Are Sustainable Palm Oil Products Actually Making a Difference? - The Public Goods Blog Are Sustainable Palm Oil Products Actually Making a Difference? - The Public Goods Blog

Are Sustainable Palm Oil Products Actually Making a Difference?

Now that sustainable palm oil products are becoming more popular and widely available, it’s time to evaluate whether they are actually making a difference in the world.

palm tree

You might have heard about palm oil: how it’s an evil source of human suffering, how it’s destroying rainforests. This ingredient is in everything from margarine and chocolate to shampoo and lipstick, so it’s kind of hard to avoid. The real problem, though, is not palm oil itself, but rather how we get it.

Most palm oil producers have used unethical practices such as burning and clearing forests that are often home to endangered species. The manufacturing has involved abusive labor conditions and the disruption of local communities. Palm oil is bountiful and cheap to make, so there’s little incentive for companies to rely on alternatives such as coconut oil.

Because of these issues, in 2001 the World Wildlife Fund [WWF] began developing the Roundtable on Sustainable Palm Oil [RSPO]. The organization built a system that encouraged and incentivized palm oil producers to adopt practices that were ethical but still profitable.

To become RSPO members and declare that their palm oil is certified sustainable, companies need to prove they are not destroying the environment or negatively impacting nearby residents and farmers. Typically brands’ motivations are to avoid negative PR and appeal to conscientious consumers.

Since the formal establishment of the RSPO in 2004, roughly 21% of palm oil has become certified sustainable, according to Palm Done Right Marketing Director Monique van Wijnbergen. About a decade ago that ratio was at only 3%. Most analysts attribute the growth to the RSPO, as well as similar organizations and standards such as Fair for Life and Rainforest Alliance. There are also nongovernmental organizations that spread awareness of the issues and paved the way for others to make progress, Wijnbergen noted, including Greenpeace and Oxfam.

Dozens of brands have licensed the RSPO trademark that lets consumers know their palm oil-based products are sustainable. When you’re shopping in a store, you can look for a white palm frond symbol with “Certified Sustainable Palm Oil RSPO” printed around it.

Online there is a WWF database that lists brands and rates the sustainability of their palm oil on a scale from one to nine. Avon, for example, has an eight out of nine score, while Campbell’s has only one out of nine. There is also a RSPO mobile app that helps users shop sustainably.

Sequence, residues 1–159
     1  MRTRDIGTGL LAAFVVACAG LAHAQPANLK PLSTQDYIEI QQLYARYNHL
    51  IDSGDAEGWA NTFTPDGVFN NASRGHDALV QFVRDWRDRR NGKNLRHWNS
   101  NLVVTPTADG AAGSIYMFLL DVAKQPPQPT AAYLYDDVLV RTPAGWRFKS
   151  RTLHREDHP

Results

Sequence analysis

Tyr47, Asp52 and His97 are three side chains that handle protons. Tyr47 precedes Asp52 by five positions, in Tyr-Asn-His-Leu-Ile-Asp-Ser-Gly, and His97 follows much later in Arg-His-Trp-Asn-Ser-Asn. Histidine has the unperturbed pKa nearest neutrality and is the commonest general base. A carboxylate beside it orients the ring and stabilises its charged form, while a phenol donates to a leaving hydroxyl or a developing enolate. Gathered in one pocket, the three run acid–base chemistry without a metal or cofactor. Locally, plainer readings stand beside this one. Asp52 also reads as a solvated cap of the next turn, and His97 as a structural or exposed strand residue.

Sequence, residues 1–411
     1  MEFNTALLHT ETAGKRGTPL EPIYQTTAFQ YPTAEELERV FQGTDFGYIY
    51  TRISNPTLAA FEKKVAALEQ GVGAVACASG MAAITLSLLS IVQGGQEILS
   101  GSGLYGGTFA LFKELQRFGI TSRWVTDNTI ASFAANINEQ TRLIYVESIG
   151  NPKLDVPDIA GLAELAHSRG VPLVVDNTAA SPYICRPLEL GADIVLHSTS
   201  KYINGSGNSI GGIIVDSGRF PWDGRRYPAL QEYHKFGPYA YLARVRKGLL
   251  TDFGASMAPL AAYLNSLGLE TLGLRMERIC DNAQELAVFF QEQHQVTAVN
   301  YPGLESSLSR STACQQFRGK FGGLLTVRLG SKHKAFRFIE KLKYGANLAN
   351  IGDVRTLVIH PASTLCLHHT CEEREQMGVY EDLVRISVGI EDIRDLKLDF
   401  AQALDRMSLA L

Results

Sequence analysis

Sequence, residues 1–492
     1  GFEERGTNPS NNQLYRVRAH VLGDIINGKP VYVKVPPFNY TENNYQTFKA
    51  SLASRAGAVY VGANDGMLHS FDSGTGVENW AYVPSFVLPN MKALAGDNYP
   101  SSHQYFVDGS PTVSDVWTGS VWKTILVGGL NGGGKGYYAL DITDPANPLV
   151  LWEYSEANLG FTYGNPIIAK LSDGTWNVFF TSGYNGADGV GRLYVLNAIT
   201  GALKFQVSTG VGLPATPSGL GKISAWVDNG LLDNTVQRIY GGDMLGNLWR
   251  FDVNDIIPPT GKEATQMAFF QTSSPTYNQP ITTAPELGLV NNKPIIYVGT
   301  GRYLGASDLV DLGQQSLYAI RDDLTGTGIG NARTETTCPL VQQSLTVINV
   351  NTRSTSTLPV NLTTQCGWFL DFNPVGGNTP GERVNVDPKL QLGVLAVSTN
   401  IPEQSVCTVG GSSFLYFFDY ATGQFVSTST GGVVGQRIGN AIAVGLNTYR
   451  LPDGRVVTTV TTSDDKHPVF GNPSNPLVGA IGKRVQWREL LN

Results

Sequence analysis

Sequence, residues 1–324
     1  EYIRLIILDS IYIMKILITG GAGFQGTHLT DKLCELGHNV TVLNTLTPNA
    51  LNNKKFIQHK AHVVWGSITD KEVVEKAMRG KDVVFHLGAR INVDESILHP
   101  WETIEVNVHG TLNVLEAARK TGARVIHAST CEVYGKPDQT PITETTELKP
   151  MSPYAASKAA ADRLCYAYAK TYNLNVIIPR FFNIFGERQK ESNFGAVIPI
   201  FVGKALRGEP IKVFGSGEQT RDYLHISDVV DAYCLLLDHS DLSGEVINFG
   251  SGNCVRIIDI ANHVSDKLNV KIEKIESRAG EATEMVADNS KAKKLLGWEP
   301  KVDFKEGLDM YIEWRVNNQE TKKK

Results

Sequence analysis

It is possible that the push for sustainability will affect the quality of products as well. Improved agricultural and manufacturing practices could, Wijnbergen said, have a direct positive effect on the quality of the palm fruit and thus the palm oil. Either way it’s a win for consumers.

The goal is 100% sustainable palm oil

The goal is 100% sustainable palm oil, Wijnbergen stated, so obviously there is much more work to be done. Nonetheless, organizations such as the RSPO have had commendable success in generating demand for sustainable palm oil products, spreading awareness about the issue and creating opportunities for struggling farmers.

The RSPO lists a few statistics that show their efforts have made a difference when it comes to sustainable palm oil products:

  • Between 2008 and 2018, production of sustainable palm oil increased from less than 2 million metric tons to more than 12 million
  • The RSPO supports more than 73,000 framers
  • There are 338 certified sustainable palm oil mills

It might take many more years, however, before there is a significant impact on deforestation. The RSPO’s latest estimate is that there are 3.57 million hectares (a hectare is about 2.5 acres) of protected land where certified sustainable palm oil is produced. This figure sounds impressive, doesn’t it? But these areas only represent roughly 1% of forests in Indonesian palm oil plantations, according to a report by land systems scientist Kimberly Carlson.

To accelerate their progress, Carlson wrote, the RSPO will need to seek broader adoption of certification in forested areas. Nonetheless, Carlson did acknowledge that the RSPO has had a significant positive effect on the forests they have secured.

It seems like sustainable palm oil products are making a tangible difference in the consumer and labor landscape, but the industry has struggled to save a sizeable section of the rainforest. Fortunately, the more consumers buy sustainable palm oil products and boycott unethical brands, the more organizations — such as the RSPO — can protect the planet.

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